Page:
Yesterday we had glorious sunshine and a deep blue sky, so we decided to go for a walk along the seaside. Helsinki has a lot of sea, and it’s possible to walk along long stretches, a pretty good compensation for the architectonicly largely not very picturesque cityscape. We went to Meripuisto in Eira (which is by the way one of the nicest parts of Helsinki), in easily walkable distance south of the centre, and walked from there to the market square. We passed a boating harbour, which was empty now, but in summer it’s probably a great view, when it’s filled iwth pretty boats. Outside of the harbour lies the small island Uunisaari (oven island). In winter you can reach it on foot via a wooden bridge, during summer the bridge is opened to let the boat traffic through. On the island there’s a restaurant, a sauna (of course), a nice beach and a row of changing rooms, which were originally built for the Olympic Games in 1940, which were then cancelled due to the war.
I think it’s fascinating to watch the sea during winter, as I’ve never before lived anywhere where the sea freezes over. The remaining part of this article is going to be much excited rambling about icy water, so if you are used to freezing sea, you might find this rather unspectacular and boring – in that case, just skip the text and find pretty pictures below =).
When it turned properly cold for the first time this year, the sea was steaming and thick wafts of mist rose from the water. Then it froze over and was covered with a thick layer of snow, here and there you could see footprints of people who had walked across, so that it almost seemed like you were looking across a large, snowy meadow instead of water.
Now it has been thawing for weeks already, and the ice has broken into sheets floating on the water. In some places, they are large. Here you can hear a constant rustling noise – similar to the sound of wind in leaves – caused by the sheets grinding against each other. On the edges of the sheets, there are little rims of ice standing up like small fences, also caused by the grinding. Picking some of them up, you can see that they are thousands of very thin sheets of ice pressed tightly. The light swell lifts and lowers the sheets, which otherwise almost look like solid ground. Watching them made me slightly dizzy, as my brain couldn’t process these conflicting bits of information. Close to the shore we could even walk on the stranded ice sheets.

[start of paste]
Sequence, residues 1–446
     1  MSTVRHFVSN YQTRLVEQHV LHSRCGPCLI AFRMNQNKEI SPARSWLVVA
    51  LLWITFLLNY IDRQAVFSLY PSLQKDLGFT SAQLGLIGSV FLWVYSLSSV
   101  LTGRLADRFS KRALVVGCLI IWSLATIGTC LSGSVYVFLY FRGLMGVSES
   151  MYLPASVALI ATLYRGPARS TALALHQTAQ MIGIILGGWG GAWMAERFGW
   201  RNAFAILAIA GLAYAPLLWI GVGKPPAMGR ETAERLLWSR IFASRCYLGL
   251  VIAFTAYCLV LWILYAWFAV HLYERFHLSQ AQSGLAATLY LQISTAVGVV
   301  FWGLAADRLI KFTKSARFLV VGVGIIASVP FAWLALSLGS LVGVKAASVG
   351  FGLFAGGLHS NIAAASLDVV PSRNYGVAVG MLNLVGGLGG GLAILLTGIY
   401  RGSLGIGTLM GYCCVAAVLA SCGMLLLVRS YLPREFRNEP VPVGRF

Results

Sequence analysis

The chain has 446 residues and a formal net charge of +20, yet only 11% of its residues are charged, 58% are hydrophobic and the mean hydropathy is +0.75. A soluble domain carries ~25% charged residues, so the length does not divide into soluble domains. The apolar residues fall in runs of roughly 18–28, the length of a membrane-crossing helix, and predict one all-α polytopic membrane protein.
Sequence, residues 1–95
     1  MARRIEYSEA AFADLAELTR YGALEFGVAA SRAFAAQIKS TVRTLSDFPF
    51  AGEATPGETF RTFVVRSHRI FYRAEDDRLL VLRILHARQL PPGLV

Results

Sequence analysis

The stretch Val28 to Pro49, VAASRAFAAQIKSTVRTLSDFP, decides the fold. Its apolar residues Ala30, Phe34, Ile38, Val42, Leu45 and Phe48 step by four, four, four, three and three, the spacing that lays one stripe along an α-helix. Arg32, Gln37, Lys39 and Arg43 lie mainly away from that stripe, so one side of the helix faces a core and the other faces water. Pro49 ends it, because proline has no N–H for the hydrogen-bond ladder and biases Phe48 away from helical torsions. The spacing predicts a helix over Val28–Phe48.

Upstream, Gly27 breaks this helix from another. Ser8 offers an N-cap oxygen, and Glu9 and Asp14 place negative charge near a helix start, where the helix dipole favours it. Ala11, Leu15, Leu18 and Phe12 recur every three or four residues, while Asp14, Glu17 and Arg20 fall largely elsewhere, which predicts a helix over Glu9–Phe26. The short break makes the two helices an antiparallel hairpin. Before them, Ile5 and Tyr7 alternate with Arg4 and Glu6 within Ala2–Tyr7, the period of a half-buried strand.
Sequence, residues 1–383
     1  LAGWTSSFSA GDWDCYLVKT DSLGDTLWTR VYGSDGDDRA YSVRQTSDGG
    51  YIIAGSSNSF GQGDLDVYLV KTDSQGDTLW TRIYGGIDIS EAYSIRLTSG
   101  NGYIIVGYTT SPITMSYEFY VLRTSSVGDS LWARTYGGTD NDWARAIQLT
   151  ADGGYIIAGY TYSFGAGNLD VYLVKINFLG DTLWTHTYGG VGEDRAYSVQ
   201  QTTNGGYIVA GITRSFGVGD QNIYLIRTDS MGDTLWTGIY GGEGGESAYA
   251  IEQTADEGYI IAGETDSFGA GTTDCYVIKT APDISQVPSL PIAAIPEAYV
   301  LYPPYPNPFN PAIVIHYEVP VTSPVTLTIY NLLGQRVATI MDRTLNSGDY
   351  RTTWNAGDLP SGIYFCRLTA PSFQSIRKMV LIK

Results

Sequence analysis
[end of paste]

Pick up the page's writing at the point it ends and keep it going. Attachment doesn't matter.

At Uunisaari, the wind had blown ice against the shore again and again over the weeks, where it froze into wave-like sculptures. It was possible to walk along there, albeit very slippery. Behind this icy barrier, small bits of ice, more lumps than sheets, floated on the water close-packed. Where there was no movement in the water, the ice was still intact, although very thin.
When we had seen enough ice, we left the coastline to walk up the hill in Kaivopuisto, a closeby park. Although there is hardly any snow in Helsinki now, we saw a horse pulled sleigh, complete with jingling bells, with an elderly couple as passengers doing several rounds in the park, before disappearing along the street.